The 12-Step program, including Alcoholics Anonymous, Narcotics Anonymous, Cocaine Anonymous and other such groups, is certainly the largest and most popular support group for people in recovery from addiction. That’s at least partially due to the age of the program – the first 12-Step program, Alcoholics Anonymous, was founded in 1935, at a time when there were few effective treatments for addiction. Since then, AA and its offshoot groups have helped countless people overcome addiction for the long haul.
But the 12-Steps aren’t for everyone. Some people feel uncomfortable with the method’s religious overtones, especially those who aren’t members of the Christian faith. Others may simply fail to identify with the core message of the 12-Steps. Tom Horvath, PhD and president of SMART Recovery, a 12-Step alternative, believes that, while the 12-Step program encourages people to surrender control of their lives to an external higher power, some people do better in addiction recovery if they instead feel empowered to beat addiction by learning how to regain control of their lives.
“Rather than thinking they have lost control of their lives because they have a disease, these individuals want to learn how to build motivation, control craving, resolve their underlying problems, and move on with creating meaningful and purposeful lives,” Horvath writes in The Huffington Post.
It’s true that when it comes to recovery support groups, 12-Step meetings are the easiest to find. The sheer size of the program means that no matter where you are in the world, from the tiniest town to the biggest city, you’re almost guaranteed to find a 12-Step meeting if you feel the need to draw on peer support. But you don’t have to rely on the 12-Step program entirely.
Thanks to the Internet, access to 12-Step alternative groups through discussion boards, social media and virtual meetings has expanded, and more and more addiction treatment programs are encouraging recovering addicts to explore these options. Some of the most popular 12-Step alternative groups include Women for Sobriety (WFS), Secular Organizations for Sobriety (SOS), SMART Recovery and LifeRing.
Women for Sobriety
One of the oldest 12-Step alternative groups, Women for Sobriety (WFS) was founded in 1976 as a secular alternative to 12-Step groups for women. Sociologist Jean Kirkpatrick founded this group to meet the special needs recovering women encounter.
Through WFS, recovering women can discover and learn to use the tools they need to nurture self-esteem and feelings of self-worth, and let go of feelings of shame and guilt. The group emphasizes emotional and spiritual growth, as well as letting go of the past in order to focus on living in the moment and looking forward to the future. The principles of WFS can be combined with those of other support groups.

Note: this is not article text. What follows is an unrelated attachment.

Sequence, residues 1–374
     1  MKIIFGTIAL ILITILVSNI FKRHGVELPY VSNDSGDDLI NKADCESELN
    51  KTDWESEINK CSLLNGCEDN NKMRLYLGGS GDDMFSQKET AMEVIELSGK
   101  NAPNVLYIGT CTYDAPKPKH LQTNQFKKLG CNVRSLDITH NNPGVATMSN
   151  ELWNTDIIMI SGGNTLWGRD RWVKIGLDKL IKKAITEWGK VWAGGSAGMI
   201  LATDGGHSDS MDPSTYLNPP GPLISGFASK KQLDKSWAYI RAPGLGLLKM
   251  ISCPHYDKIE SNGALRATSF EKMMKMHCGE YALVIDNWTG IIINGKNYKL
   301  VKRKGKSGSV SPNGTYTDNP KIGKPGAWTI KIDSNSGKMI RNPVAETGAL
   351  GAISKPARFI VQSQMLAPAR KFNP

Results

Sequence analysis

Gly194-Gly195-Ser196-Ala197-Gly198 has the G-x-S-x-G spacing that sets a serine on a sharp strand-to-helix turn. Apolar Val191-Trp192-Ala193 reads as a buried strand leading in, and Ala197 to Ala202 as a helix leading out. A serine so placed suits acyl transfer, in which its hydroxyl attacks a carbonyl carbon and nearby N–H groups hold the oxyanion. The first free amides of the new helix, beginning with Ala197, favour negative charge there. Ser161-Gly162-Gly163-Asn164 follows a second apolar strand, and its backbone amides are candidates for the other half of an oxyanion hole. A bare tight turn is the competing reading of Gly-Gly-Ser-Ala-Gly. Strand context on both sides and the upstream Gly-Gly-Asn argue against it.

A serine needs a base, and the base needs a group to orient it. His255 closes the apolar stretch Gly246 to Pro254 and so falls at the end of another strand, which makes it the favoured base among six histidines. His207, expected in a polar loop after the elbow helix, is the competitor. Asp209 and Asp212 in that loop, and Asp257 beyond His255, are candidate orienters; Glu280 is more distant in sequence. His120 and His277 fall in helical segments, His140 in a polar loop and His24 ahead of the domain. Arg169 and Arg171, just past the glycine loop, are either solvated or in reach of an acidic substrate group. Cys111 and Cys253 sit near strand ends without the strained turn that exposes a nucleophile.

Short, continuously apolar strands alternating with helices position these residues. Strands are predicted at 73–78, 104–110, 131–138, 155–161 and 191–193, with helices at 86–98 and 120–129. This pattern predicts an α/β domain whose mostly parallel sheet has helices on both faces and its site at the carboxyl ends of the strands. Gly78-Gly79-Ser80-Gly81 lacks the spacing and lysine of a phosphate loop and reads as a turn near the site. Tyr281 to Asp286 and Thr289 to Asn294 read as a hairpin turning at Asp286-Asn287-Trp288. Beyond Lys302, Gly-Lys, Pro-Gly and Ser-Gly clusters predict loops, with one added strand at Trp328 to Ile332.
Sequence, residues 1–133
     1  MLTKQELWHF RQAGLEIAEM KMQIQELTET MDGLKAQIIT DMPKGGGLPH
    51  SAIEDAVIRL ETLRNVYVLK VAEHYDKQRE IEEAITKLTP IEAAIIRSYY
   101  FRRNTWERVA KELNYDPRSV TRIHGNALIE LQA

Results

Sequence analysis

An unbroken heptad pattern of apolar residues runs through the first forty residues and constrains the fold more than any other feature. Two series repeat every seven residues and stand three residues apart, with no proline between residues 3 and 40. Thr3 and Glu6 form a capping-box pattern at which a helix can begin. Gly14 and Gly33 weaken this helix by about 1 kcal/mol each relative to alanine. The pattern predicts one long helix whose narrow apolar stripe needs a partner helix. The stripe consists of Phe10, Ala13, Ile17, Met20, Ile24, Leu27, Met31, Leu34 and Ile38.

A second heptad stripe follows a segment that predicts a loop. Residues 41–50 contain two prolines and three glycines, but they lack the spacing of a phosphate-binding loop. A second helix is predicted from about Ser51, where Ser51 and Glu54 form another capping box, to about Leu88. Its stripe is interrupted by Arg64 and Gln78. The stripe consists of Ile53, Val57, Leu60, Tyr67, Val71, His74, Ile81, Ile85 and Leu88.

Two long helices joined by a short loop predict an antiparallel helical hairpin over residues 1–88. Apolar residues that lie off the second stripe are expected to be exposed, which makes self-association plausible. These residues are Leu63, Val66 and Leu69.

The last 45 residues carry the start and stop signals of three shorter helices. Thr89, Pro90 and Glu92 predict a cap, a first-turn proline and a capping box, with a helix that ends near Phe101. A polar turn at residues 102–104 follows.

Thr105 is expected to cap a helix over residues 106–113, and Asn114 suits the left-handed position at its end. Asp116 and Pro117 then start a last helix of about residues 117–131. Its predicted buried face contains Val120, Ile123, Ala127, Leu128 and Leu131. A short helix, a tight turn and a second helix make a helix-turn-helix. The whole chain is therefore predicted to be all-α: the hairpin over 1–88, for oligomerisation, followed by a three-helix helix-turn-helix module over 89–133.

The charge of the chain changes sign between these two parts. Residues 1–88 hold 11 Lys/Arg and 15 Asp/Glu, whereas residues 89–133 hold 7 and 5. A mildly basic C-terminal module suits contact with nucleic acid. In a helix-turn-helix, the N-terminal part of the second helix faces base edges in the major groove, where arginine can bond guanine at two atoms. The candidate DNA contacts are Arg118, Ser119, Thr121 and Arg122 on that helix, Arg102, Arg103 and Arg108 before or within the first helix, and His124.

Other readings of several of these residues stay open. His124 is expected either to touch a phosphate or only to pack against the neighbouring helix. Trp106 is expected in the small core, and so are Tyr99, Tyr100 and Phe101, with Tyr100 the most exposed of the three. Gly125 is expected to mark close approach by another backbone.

Secular Organizations for Sobriety
Secular Organizations for Sobriety, or SOS, was founded in 1986 as an alternative to the 12-Step program. SOS concerns itself primarily with the promotion of sobriety and the teaching of strategies for abstinence among its members. Members are encouraged to make abstinence their top priority, and to lean on one another for emotional and moral support in achieving this goal.
With more than 1,000 meetings around the world, SMART Recovery is perhaps the largest 12-Step alternative group. Founded in 1994, the group teaches a four-point program that relies on maintaining the recovering addict’s motivation to stay sober; teaching coping skills to resist cravings and urges; managing emotions, behaviors and thoughts in a rational manner; and striking a healthy balance between delayed and instant gratification. The program relies on cognitive behavioral therapy (CBT) motivational interviewing and other evidence-based treatment methods to help members overcome all kinds of addictions, including behavioral or process addictions like gambling and sex addiction.
Established in 2001, LifeRing is most popular in California, especially in the Bay Area, although there are more than 175 meetings worldwide. LifeRing bases its philosophy on the three S’s: sobriety, secularity and self-help. Emphasis is placed on members’ ability to achieve sobriety through their own efforts and by maintaining their motivation to stay sober.
If you don’t feel like you fit in to the 12-Step program, you’re not alone. While the 12-Step program is the oldest, biggest and most well-known support group available to recovering addicts, it’s by no means the only one. Alternative programs tend to emphasize member empowerment and the importance of staying committed to sobriety. If you can’t find a 12-Step alternative meeting in your area, you may be able to connect with one of these groups online.